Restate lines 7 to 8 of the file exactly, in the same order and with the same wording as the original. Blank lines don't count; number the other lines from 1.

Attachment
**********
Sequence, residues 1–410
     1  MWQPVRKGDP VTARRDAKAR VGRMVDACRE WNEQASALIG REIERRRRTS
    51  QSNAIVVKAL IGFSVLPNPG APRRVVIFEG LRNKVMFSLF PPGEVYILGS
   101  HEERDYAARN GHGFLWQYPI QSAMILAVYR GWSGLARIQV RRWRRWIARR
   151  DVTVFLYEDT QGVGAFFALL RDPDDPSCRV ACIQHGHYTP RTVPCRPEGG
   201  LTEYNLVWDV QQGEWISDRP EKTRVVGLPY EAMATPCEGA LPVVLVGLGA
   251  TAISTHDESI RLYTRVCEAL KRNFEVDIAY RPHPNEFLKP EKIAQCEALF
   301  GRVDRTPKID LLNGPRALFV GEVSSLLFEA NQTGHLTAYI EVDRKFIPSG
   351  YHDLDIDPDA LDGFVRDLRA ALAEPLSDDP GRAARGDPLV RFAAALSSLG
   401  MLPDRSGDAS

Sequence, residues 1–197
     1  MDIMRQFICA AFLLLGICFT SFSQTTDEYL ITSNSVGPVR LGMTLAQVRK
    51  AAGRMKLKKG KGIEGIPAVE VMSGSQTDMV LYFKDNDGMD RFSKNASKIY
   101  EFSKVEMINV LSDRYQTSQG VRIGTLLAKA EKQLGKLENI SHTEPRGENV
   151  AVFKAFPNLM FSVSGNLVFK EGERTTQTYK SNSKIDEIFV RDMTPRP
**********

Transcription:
   251  TAISTHDESI RLYTRVCEAL KRNFEVDIAY RPHPNEFLKP EKIAQCEALF
   301  GRVDRTPKID LLNGPRALFV GEVSSLLFEA NQTGHLTAYI EVDRKFIPSG